He told reporters: “We have to pay rights holders (the music labels and publishers) for our content. With all those fees that go out, [adding] Apple’s 30% will exceed the revenue on our product. It’s not a matter of making less money, it would be zero profit. Our position isn’t that Apple doesn’t deserve a take, they provide a valuable service [with the App Store], but there’s a fair value that they should receive for that”.

Some, especially in the US, have raised new anti-trust concerns over Apple’s latest innovation. Any content service providers wanting to reach iPhone and iPad owners – which is all content service providers – are forced to sign up to Apple’s new subscriptions system at the 30% rate because the IT giant’s app store is the only way to reach customers using those devices, because of the closed-shop nature of the Apple platform. And that, when coupled with the compulsory status of the new system, is, some would argue, anti-competitive.

An increasing number of legal commentators, again especially in the US, see Apple as a multi-billion dollar anti-trust lawsuit just waiting to happen, as increasingly arrogant management at the ever-powerful IT giant seem to employ the same approaches to business as used by the guys who ran Microsoft back in the 1990s.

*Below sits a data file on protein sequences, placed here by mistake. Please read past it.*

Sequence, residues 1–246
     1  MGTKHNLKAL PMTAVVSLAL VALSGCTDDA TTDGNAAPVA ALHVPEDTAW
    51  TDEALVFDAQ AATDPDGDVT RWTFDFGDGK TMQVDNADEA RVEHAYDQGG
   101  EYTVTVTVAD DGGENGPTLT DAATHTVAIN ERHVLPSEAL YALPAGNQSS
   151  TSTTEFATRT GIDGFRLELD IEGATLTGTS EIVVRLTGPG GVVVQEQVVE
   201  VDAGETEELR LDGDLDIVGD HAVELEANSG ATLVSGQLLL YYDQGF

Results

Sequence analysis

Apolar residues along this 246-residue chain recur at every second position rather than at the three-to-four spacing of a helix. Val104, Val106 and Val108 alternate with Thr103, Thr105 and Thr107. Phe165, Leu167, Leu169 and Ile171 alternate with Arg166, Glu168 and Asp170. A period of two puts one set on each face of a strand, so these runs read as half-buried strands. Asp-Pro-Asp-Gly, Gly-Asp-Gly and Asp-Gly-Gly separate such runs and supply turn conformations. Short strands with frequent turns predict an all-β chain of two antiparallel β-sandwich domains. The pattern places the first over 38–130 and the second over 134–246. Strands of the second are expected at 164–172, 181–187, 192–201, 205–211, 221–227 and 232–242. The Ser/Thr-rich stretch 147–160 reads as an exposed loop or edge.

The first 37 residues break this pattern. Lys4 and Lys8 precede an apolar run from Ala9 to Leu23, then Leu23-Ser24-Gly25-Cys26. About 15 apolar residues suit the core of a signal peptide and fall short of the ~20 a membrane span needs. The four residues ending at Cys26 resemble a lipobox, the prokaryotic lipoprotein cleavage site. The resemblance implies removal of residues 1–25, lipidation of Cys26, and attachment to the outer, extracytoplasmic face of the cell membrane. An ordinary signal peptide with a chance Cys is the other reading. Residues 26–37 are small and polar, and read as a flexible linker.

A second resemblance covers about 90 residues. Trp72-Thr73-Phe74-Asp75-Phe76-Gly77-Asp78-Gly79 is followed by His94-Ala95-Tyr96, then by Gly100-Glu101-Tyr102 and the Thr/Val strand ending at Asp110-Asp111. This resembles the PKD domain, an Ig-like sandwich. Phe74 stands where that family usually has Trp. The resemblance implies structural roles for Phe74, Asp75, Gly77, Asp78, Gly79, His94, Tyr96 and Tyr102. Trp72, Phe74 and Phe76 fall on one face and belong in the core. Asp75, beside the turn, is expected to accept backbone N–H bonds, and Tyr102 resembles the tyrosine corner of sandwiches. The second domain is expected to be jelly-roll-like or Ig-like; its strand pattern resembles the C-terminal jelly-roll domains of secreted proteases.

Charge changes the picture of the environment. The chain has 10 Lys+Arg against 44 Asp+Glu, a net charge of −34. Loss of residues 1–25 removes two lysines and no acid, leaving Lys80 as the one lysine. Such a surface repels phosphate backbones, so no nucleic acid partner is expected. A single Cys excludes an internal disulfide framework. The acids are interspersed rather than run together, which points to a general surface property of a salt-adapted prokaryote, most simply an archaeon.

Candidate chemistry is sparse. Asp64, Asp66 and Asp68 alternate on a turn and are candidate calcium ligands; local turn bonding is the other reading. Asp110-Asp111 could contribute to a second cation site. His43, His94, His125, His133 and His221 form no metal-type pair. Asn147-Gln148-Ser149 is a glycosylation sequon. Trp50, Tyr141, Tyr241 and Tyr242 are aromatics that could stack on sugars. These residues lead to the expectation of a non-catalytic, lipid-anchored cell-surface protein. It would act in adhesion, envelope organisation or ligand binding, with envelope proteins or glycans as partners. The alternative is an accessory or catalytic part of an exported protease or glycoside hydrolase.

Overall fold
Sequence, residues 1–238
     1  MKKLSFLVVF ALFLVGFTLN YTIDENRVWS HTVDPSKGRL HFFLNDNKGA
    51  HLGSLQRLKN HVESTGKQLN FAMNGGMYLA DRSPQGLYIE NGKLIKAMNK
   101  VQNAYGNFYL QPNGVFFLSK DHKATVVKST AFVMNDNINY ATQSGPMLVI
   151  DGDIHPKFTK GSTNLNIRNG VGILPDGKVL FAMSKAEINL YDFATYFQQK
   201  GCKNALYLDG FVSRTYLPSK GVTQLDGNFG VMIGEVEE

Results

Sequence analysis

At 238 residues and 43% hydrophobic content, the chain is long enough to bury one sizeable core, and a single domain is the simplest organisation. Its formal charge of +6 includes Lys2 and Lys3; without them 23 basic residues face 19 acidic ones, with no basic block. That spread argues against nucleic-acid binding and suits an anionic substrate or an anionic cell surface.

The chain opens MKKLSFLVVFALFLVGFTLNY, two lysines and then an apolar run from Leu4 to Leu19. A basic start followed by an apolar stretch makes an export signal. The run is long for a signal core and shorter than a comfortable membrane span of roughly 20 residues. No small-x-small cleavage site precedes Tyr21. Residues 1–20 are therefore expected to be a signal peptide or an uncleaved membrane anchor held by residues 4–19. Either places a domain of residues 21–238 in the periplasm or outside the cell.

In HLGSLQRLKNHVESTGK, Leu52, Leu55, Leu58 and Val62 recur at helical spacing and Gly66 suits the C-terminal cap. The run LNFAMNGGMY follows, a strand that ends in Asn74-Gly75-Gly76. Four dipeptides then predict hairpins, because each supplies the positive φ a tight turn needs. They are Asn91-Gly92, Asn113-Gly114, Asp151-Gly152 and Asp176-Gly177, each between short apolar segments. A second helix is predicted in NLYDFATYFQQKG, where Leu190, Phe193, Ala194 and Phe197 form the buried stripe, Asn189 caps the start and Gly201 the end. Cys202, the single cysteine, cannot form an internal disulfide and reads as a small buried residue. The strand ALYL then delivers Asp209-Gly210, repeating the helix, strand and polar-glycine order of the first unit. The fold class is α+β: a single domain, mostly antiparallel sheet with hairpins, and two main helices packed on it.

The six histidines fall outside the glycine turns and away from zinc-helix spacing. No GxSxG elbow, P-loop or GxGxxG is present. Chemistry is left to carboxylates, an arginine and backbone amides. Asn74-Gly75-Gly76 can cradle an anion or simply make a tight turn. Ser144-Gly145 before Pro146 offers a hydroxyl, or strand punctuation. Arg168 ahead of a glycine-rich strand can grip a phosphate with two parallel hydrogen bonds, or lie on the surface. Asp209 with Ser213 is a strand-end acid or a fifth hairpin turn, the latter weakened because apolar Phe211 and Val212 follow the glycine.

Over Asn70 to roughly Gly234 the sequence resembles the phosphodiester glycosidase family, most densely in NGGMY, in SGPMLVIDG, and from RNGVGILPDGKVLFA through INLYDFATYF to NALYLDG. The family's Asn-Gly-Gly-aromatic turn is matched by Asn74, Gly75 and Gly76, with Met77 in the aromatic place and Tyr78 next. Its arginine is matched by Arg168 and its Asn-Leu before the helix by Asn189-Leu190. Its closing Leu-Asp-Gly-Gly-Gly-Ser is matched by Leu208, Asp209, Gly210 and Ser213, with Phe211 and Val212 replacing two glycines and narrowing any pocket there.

Whether the app store subscriptions system could be what ignites such an anti-trust battle – which could lead to Apple being broken up or, at the very least, being forced to open up its platforms – remains to be seen. Certainly the Rhapsodys of this world were consulting their lawyers yesterday, and may well use the threat of such action in any negotiations on the compulsory nature of the app store subscription system and the 30% rate. Though the Apple bosses who hide behind all that trendy marketing and a cuddly, ailing CEO, are so arrogant these days, they’d probably call said lawyers’ bluff.

Apple’s legal men would presumably point to Google as proof they are operating in a competitive environment. And their web giant rival yesterday launched its own subscriptions system – Google One Pass – which will enable signed up customers to pay for access to multiple content services, accessed via the web or apps on the Android platform, through one account. Google will only take a 10% commission.

Though, of course, Google’s system won’t work for services accessed via apps on the iPhone or iPad, so its existence and lower commission isn’t necessarily a motivation for Apple to offer a more competitive rate, and therefore not necessarily a sufficient counter-argument to any allegations of anti-trust behaviour.

Unless, of course, enough content owners would dare to pull their services from Apple’s app store making the burgeoning Android market place more attractive. Few will want to take that risk though, if they did, they’d reduce both Apple’s market dominance, and the potential of an anti-trust case being filed against Steve Jobs et al.